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Hundreds of North Korean Defectors Transit Through Thailand on Trek to Freedom

Thailand's policy of not deporting refugees has resulted in a growing number of North Koreans making the kingdom a final stop in their trek to freedom. Activists say the number of North Koreans using Thailand for their jump to South Korea or the United States has gone from a handful to several hundred over the past year. In the third of a four-part series, VOA's Luis Ramirez reports from Bangkok that for impoverished North Korean defectors, their time at the jump-off point to freedom is spent in fear and hiding.

"My heart still beats fast for fear that someone will come to arrest me. I cannot live like this," a North Korean defector exclaimed.

The young woman, like hundreds of others over the past year, arrived in Thailand from China by traveling through Laos on foot and then crossing the Mekong River - fighting hunger and bandits along the way in an area known as the Golden Triangle, where the borders of Laos, Burma, and Thailand meet. It has long been a center for trafficking of drugs and people.

The young North Korean woman paid smugglers a few dollars to bring her across the river, and began a period of waiting. Those who want to go to South Korea simply turn themselves in to the nearest police station, where they are processed and turned over to South Korean authorities.

Those who want to go to the United States have a longer wait - usually several months in which they face arrest and weeks in jail for entering Thailand without visas.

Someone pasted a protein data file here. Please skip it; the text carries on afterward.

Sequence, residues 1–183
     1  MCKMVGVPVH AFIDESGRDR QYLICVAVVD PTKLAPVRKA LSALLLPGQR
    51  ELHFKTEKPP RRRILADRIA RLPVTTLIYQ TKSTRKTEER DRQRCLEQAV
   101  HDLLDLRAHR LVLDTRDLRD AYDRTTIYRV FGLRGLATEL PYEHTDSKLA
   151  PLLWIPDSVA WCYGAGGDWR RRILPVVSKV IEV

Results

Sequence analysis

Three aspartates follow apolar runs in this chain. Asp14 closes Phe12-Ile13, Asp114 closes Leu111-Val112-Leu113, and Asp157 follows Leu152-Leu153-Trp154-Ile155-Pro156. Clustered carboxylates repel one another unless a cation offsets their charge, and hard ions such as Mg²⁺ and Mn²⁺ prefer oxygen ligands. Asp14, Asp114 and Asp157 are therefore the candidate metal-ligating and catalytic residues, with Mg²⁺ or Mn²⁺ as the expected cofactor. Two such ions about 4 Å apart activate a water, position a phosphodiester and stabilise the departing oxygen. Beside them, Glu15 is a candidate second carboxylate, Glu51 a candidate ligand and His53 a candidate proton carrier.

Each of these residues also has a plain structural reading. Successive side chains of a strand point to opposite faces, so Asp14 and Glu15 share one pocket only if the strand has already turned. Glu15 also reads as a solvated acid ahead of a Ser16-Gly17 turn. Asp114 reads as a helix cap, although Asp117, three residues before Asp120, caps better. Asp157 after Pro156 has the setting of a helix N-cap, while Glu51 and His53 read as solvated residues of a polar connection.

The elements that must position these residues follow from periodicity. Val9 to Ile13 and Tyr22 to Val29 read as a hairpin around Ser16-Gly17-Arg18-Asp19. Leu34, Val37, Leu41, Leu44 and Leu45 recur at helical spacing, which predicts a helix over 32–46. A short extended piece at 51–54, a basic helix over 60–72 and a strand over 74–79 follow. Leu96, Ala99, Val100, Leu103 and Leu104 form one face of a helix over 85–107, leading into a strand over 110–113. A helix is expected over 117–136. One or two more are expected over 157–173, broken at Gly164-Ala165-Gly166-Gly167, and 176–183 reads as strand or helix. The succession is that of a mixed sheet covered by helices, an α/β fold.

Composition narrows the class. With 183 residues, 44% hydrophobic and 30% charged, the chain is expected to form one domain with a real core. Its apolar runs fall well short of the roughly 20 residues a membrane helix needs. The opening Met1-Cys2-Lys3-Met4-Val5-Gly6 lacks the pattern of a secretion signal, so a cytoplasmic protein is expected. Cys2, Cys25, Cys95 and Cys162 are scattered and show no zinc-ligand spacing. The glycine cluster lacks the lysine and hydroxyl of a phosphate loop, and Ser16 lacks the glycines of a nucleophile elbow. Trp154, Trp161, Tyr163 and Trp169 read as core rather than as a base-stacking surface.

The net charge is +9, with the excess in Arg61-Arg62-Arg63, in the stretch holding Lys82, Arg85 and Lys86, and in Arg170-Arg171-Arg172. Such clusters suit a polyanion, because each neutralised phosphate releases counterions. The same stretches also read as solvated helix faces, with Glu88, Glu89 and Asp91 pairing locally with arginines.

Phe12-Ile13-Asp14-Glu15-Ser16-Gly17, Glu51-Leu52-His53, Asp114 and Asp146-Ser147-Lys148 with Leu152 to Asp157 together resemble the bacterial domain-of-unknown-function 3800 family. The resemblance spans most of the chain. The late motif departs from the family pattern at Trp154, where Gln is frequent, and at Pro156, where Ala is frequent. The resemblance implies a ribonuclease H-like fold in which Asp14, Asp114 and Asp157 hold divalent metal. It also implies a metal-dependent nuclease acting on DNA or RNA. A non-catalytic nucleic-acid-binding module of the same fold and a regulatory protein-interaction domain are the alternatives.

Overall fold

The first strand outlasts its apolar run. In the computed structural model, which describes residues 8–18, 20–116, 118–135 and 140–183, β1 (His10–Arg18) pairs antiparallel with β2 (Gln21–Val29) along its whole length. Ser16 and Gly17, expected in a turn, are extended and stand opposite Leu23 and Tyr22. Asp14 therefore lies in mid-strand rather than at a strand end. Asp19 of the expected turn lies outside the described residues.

The defector says, "I hope every day that I can go to America very soon. Of course, Thailand is much safer than China because in China, if I am arrested I surely will be sent back to North Korea. But in Thailand, I have never heard I'll be sent back to North Korea."

Thailand quietly processes refugees and hands them over to third countries willing to accept them. However, concerned about harming relations with North Korea and fearing an onslaught of refugees, the Thai government does not publicize its policy.

Thai laws ban the North Koreans from working. They live in hiding, out of the sight and out of the minds of most Thai people. Thailand's new prime minister, Samak Sundaravej, seemed to know little about the subject when he was recently asked what his administration's policy will be on North Korean refugees.

SAMAK: "Do they have any here? How much?”

REPORTER: "It started three or four years ago by dozens, but last week it went up to several hundreds."

SAMAK: "Several hundreds, few hundreds…and the question is the policy - can not answer now. … Especially on North Koreans. I just wonder why? Is this a sanctuary?"

It is here that the defectors get their first taste of freedom. A 34-year-old defector describes her first impression of life outside her homeland.

"One thing I realized here, and also in China, as soon as I was away from North Korea, is that if I decide to do anything, I feel that I can do it. It feels like paradise," she said.